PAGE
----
IBS and IBD – how are these two conditions different? Many people incorrectly assume both these conditions are the same. IBS stands for Irritable Bowel Syndrome and IBD stands for Inflammatory Bowel Disease. They are two distinct conditions with causes and symptoms that sometimes overlap. Determining which of the two conditions you have is important. Otherwise, you won’t be able to find treatments that will actually help you get relief.
Let’s talk about IBS and IBD to clear the confusion.
Irritable Bowel Syndrome (IBS)
IBS is a lower GI disorder, affecting the small and large intestines and colon. It is extremely common, affecting approximately 35 million Americans. It also goes by two other names: nervous indigestion or spastic colon.
Patients with IBS experience symptoms like gas, bloating, and constipation. They have a normal-looking gastrointestinal tract, however, it doesn’t function normally. The cause of the disease is not entirely known, but doctors say patients often have different triggers, such as certain foods or stress. Another possible cause is poorly coordinated signals between the brain and the gastrointestinal tract. IBS treatment can include a course of antibiotics to kill bacteria or medications to simply control symptoms.
IBS is a chronic disease and typically requires maintenance and lifestyle changes that involve avoiding triggers in order to ease symptoms. Another problem with IBS is that it may lead to other gastrointestinal complications such as GERD and indigestion.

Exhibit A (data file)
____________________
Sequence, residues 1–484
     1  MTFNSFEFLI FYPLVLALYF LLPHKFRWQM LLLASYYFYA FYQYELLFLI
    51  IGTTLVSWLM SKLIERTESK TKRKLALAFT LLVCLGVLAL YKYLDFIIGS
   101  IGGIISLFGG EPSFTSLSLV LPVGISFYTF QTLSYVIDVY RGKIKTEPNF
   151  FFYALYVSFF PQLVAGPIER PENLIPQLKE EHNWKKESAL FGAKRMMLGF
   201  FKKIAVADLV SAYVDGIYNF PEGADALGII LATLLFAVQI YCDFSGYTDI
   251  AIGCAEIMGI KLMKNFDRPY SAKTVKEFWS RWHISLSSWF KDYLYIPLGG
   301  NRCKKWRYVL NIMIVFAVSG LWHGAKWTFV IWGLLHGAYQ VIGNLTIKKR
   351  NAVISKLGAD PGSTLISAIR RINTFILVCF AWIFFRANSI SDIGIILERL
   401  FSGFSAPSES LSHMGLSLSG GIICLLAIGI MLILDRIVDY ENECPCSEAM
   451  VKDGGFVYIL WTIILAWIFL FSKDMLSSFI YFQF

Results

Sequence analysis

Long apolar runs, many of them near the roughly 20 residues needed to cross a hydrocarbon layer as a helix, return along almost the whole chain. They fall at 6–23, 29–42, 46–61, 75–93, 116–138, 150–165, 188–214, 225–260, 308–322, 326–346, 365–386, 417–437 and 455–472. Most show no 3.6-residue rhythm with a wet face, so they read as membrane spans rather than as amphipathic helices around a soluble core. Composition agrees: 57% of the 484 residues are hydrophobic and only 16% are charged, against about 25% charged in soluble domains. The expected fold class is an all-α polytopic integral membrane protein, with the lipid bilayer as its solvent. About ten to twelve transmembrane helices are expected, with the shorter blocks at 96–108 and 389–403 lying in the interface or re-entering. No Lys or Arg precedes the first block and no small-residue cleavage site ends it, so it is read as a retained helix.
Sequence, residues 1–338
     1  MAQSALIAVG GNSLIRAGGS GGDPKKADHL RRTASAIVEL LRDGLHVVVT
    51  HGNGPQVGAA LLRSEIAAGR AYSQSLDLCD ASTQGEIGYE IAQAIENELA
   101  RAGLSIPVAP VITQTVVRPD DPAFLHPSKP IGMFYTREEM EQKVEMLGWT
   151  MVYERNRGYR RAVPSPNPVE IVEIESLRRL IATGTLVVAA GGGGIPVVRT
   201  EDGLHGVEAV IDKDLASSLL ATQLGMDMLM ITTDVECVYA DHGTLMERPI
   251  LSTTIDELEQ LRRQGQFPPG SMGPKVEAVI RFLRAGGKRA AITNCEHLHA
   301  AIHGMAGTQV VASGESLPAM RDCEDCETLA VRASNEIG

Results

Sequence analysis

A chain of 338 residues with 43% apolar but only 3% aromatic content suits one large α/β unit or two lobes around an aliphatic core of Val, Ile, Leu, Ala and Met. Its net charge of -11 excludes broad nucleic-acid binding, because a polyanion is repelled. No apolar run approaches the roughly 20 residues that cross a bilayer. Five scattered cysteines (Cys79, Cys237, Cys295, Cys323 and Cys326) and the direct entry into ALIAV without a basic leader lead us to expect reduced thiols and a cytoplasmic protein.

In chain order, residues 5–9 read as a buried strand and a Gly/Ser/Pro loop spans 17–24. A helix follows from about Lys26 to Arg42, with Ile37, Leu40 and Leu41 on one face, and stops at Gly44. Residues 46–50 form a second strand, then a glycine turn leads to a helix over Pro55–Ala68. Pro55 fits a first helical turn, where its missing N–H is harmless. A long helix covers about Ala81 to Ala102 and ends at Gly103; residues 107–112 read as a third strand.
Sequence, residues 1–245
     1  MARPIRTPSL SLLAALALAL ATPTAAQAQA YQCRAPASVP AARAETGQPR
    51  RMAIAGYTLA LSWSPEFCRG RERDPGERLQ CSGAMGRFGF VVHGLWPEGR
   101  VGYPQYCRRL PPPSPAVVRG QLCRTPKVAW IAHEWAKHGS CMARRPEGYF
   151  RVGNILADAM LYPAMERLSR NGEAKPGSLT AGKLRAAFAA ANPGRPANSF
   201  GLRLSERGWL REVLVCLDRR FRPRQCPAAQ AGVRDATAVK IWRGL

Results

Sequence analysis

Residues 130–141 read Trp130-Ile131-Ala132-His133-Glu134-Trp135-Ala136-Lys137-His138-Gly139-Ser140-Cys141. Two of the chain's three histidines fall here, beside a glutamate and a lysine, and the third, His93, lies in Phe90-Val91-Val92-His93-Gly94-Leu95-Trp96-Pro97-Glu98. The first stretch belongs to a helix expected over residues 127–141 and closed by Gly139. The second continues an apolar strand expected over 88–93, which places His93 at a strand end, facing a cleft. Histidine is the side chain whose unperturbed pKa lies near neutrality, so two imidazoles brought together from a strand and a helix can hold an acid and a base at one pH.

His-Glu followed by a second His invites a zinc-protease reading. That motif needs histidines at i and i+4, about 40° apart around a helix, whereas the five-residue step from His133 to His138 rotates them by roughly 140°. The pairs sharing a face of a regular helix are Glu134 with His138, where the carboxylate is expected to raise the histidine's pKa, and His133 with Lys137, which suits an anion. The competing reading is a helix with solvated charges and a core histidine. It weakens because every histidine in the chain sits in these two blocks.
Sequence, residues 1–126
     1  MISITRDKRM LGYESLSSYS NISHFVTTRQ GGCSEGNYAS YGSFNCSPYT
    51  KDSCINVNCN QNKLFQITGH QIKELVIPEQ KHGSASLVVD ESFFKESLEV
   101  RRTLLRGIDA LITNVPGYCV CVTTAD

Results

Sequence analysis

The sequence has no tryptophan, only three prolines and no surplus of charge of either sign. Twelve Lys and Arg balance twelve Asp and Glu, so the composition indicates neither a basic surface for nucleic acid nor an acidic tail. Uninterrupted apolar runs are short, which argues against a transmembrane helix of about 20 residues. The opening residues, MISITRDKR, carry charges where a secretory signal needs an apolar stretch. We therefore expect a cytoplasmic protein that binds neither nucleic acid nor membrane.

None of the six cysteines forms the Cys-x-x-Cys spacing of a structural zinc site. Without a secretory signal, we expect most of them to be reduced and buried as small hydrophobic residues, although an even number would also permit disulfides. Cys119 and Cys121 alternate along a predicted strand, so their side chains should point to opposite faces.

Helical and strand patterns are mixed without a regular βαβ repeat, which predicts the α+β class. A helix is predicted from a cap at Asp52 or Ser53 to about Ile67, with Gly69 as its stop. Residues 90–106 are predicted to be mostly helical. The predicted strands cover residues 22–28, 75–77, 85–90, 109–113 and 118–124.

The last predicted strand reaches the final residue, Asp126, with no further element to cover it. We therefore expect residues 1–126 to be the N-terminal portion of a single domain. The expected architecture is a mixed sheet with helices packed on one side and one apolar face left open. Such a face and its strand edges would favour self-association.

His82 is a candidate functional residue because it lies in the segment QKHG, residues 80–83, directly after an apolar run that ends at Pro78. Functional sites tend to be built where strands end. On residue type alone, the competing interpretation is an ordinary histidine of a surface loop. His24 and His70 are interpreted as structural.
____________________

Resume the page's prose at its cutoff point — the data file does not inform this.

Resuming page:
Inflammatory Bowel Disease (IBD)
IBD is characterized by inflammation of the colon and small intestines. There are two most common types of IBD: ulcerative colitis and Crohn’s disease. The former is believed to be caused by an autoimmune response that causes chronic inflammation in the digestive tract that causes pain, diarrhea, and rectal bleeding. The latter is another autoimmune inflammatory condition that causes inflammation not only in the digestive tract but also in the mouth and rectum. Researchers say it may be due to the immune system attacking harmless bacteria in the digestive tract.
Both types of IBD are lifelong conditions with periods of remission. Treatment includes making lifestyle and dietary changes as well as medication. Smoking and a high-fat diet is believed to exacerbate symptoms of IBD.
Diligent disease management through regular visits to your gastroenterologist is important since the frequent inflammatory response can damage your digestive tract and cause other complications. Patients with Crohn’s disease are more likely to develop colon cancer than those without.
IBS and IBD Treatment and Management in Austin, Texas
If you suspect you may have IBS or IBD, the skilled gastroenterologists at Austin Gastro can help you get a diagnosis and manage symptoms associated with your disease.
We treat the full range of common and complex gastrointestinal disorders, from upper GI disorders and lower GI disorders to inflammatory bowel diseases, using the most advanced procedures in use today. Our endoscopy centers are cutting-edge facilities.